Corruption in 1920s led to public scandal, as well as Burnside, Ross Island and Sellwood bridges

Portland needed bridges in the 1920s. Multnomah County’s commissioners were determined to make them happen — the Portland way.

The result: arguably the biggest political scandal in the county’s history.

At the height of Prohibition, voters approved a $5 million bond to replace the deteriorating 30-year-old Burnside Bridge and build two new spans — the Ross Island Bridge and the Sellwood Bridge.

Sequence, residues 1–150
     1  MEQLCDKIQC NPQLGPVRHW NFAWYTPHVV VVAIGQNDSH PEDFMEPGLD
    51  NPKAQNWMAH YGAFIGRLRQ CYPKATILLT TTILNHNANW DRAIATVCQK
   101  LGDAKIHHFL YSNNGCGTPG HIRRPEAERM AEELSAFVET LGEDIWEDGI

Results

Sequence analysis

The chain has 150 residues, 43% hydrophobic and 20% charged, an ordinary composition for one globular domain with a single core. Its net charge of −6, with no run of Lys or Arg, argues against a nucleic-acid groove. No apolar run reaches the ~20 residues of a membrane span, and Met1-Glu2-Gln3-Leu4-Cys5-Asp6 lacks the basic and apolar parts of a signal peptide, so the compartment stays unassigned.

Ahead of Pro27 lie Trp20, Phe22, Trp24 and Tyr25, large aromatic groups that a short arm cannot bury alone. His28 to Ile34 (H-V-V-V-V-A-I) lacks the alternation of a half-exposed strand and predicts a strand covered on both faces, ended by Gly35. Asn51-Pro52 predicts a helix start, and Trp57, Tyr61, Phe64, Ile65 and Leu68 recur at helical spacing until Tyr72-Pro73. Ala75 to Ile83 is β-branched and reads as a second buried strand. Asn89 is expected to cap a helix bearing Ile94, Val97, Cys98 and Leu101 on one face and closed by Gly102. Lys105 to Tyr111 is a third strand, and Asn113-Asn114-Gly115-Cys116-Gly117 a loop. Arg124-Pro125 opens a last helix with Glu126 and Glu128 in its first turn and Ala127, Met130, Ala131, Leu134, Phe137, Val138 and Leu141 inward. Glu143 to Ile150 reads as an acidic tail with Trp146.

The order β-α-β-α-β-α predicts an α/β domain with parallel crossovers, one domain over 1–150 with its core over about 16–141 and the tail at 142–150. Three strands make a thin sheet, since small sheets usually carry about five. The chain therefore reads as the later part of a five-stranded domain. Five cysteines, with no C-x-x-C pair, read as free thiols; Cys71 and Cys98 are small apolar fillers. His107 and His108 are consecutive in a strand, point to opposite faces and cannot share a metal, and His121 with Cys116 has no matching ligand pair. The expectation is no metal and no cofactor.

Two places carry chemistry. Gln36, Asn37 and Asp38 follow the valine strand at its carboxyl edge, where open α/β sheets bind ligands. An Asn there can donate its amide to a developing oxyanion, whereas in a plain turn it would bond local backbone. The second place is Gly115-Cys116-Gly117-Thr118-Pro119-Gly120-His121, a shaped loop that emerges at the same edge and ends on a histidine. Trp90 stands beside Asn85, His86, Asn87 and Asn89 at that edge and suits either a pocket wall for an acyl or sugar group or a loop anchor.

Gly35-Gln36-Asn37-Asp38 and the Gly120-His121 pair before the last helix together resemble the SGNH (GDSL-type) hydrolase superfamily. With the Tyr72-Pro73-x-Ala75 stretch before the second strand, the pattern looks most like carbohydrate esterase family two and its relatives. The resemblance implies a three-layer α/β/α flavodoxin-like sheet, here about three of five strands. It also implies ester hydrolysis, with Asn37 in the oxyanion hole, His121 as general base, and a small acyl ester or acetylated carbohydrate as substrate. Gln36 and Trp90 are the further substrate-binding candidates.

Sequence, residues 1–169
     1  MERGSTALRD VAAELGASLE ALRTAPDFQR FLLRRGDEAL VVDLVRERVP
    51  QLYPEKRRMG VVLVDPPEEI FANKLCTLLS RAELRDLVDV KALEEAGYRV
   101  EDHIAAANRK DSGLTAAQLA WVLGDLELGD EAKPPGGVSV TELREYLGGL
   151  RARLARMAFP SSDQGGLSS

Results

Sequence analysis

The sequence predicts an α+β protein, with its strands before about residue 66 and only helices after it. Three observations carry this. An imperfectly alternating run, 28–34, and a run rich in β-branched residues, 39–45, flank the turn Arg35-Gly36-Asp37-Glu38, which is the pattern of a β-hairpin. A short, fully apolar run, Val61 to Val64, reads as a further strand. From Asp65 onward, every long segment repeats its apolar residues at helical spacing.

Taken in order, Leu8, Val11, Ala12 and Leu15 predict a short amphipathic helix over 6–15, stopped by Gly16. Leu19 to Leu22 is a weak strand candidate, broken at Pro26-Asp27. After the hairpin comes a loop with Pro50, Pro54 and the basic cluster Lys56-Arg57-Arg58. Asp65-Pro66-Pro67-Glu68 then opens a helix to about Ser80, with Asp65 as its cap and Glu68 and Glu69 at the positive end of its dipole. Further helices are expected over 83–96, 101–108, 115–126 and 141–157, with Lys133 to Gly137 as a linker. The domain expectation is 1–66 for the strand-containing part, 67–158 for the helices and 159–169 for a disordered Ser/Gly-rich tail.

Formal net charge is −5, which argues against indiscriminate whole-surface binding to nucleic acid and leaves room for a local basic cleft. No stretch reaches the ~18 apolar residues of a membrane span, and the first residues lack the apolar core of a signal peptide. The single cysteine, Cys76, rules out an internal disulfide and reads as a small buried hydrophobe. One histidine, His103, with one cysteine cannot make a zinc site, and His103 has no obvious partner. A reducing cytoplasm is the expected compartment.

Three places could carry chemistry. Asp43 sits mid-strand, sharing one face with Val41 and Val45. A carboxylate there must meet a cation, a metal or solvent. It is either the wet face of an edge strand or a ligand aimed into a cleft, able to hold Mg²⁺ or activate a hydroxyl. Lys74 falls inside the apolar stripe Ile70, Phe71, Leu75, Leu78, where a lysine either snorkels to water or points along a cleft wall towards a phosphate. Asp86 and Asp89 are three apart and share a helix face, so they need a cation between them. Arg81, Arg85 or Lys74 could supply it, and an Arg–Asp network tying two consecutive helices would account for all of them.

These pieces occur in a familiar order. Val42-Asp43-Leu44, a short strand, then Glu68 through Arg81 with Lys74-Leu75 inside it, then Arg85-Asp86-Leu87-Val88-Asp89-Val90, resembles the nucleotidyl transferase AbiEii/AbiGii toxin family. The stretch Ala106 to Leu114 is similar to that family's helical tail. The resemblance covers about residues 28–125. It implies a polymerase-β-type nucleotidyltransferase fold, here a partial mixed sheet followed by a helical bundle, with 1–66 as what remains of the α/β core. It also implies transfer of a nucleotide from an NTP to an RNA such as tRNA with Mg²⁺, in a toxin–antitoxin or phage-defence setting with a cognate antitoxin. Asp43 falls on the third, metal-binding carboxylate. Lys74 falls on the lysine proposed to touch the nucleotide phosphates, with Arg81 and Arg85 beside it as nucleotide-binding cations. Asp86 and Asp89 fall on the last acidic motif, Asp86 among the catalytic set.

Portlanders thrilled at what these new “trans-Willamette bridges” meant: a growing city, a thriving economy, more options to transport bootleg booze over the river.

The promise of the bridges even provoked a little poetry from one real-estate company selling eastside lots. Offered an advertisement in The Oregonian:

When there is still some blue in the deep, dark sky and the river below is indigo. Orange lights from shore buildings reflected in long, shimmering lines in the river. Close-by and far-away bridges visible only by their beautiful yellow clusters and the quick flashes of passing headlights.

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